A team of State and Justice department investigators has been in Israel since Thursday collecting evidence and interviewing Israeli officials implicated in the Pollard case. They returned to Tel Aviv again today to question Israeli witnesses but continued to refuse to talk with reporters. An Israeli source close to the investigation, however, said that the U.S. team's talks had "proceeded well and with good cooperation."

The senior Cabinet source, asked whether he thought the U.S. limitations on intelligence transfer to Israel were linked to the Pollard probe, replied, "Since we don't know what is behind it, I can't rule that out."

A senior Foreign Ministry official said earlier in the week that he expected some curtailment of intelligence-sharing until the completion of the Pollard probe. But he said he thought the reduction would affect only informal exchanges between intelligence agencies of the two countries and would not be made formal with a public announcement.

Another Foreign Ministry official, who also asked not to be identified, expressed bafflement over the Customs raids, saying, "I do not understand why somebody made such an accusation. It is a very sensitive time now."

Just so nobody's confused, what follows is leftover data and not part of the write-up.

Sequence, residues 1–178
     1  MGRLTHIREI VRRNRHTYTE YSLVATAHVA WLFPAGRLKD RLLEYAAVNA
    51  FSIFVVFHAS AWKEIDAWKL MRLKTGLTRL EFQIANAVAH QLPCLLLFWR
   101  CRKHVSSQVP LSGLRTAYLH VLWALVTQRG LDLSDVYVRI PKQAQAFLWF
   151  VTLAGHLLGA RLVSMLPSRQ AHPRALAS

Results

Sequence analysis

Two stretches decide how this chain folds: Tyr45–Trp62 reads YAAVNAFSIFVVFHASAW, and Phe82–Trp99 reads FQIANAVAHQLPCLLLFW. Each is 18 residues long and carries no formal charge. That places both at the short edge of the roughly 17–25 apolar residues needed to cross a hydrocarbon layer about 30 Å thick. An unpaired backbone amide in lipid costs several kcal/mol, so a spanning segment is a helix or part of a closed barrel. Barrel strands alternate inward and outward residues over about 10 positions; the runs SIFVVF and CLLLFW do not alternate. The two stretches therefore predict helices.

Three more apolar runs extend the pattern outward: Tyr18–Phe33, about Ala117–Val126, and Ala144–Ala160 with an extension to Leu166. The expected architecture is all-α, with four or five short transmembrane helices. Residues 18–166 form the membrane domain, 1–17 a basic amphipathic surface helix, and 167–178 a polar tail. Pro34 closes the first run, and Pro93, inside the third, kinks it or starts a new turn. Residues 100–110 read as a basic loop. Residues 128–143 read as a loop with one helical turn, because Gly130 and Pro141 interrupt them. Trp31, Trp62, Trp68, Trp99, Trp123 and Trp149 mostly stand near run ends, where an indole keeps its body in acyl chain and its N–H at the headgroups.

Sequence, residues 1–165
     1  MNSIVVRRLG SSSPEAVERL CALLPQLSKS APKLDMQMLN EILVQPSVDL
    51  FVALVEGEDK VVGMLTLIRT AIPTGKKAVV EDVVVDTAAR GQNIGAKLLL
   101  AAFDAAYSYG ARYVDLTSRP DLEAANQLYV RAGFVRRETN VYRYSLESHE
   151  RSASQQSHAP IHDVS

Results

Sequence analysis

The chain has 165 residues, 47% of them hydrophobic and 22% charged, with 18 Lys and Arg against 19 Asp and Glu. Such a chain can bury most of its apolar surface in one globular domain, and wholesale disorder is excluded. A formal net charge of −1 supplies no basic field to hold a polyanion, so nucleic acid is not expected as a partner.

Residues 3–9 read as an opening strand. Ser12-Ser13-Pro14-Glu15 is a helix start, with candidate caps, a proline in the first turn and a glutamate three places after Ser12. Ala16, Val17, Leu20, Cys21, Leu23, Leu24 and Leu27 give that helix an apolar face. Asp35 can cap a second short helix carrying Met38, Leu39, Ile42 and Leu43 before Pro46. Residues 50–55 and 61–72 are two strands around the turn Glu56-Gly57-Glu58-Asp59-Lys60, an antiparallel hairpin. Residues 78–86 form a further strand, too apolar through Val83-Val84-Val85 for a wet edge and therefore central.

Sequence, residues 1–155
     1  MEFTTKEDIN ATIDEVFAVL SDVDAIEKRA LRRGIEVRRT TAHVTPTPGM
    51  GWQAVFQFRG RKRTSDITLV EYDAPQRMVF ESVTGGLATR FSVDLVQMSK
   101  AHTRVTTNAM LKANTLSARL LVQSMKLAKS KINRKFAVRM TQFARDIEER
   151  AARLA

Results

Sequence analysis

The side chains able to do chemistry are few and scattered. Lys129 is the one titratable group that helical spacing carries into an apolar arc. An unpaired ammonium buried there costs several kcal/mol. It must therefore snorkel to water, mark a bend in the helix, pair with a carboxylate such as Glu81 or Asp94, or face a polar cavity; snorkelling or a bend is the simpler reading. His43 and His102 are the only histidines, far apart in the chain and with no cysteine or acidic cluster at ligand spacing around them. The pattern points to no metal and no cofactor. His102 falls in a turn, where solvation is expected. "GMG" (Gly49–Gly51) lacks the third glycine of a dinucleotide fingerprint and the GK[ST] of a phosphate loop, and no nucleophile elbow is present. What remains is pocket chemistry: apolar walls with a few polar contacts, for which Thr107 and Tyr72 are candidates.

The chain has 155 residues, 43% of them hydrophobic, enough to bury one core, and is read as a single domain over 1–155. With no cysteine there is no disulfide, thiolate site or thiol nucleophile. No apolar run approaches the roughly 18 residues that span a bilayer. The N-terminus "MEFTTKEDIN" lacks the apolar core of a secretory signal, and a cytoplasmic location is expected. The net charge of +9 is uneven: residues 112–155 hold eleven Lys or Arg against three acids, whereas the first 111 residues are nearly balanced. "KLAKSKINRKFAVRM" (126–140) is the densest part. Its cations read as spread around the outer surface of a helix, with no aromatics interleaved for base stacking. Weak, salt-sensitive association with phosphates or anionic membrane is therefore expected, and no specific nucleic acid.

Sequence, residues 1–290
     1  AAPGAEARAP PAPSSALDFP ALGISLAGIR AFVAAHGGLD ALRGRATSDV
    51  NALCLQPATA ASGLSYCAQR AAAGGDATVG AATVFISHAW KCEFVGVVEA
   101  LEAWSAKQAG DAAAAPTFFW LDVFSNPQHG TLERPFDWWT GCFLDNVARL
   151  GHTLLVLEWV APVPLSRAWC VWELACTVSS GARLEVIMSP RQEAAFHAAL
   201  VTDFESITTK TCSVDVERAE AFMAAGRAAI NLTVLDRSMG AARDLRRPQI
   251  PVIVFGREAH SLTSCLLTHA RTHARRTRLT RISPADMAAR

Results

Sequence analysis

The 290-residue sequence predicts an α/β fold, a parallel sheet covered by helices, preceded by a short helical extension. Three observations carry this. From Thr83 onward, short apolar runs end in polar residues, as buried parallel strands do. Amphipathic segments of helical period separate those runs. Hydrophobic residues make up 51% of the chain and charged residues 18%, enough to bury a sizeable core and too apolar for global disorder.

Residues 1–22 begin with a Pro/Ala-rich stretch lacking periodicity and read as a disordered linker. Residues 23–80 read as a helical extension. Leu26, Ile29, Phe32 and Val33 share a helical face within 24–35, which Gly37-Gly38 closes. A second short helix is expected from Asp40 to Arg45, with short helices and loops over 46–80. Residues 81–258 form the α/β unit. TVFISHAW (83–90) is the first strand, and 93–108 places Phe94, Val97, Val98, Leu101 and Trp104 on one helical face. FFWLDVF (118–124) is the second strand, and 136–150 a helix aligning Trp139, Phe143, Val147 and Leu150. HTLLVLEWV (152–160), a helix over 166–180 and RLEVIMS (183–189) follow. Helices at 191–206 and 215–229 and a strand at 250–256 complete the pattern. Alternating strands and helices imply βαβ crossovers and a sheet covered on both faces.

In the raids Thursday, Customs agents seized records from three U.S. companies supplying Israel with technology that uses chrome electroplating to improve tank cannons. Affidavits filed by Customs said the companies had not obtained required export permits but Israel has said it had U.S. approval.

The Foreign Ministry official said he hoped the weapons technology transfer controversy would not affect what he called "the new spirit of cooperation" surrounding the Pollard case. But he said, "It will strengthen the hand of those in Israel who are saying we should not have cooperated at all. There are people who believe" Israeli cooperation in the Pollard case "was a mistake. Those people are now saying, 'I told you so.' "

The official added, "It would seem to be a major American interest to keep things quiet and under control while investigating this case in order to keep alive the full cooperation of Israel."

Israeli military analysts also characterized the curtailment of intelligence-sharing as a form of punishment stemming from the Pollard case.

Zeev Schiff, military commentator for the independent Hebrew daily Haaretz, whose views frequently reflect those of top Defense Ministry officials, today said, "The reduction in the exchange of information goes a good deal further than regular pressure. There is in this a form of punishment of an ally by U.S. executive echelons."

Schiff added, "Israel is receiving more and more reports that elements hostile to Israel in the [U.S.] administration are seeking to carry out retribution against Israel for the Pollard affair."

He said the U.S. Customs allegations show that "clearly, elements hostile to Israel in the United States have been encouraged by the Pollard affair and are exploiting the situation for attacks against Israel and to undermine relations between the two countries."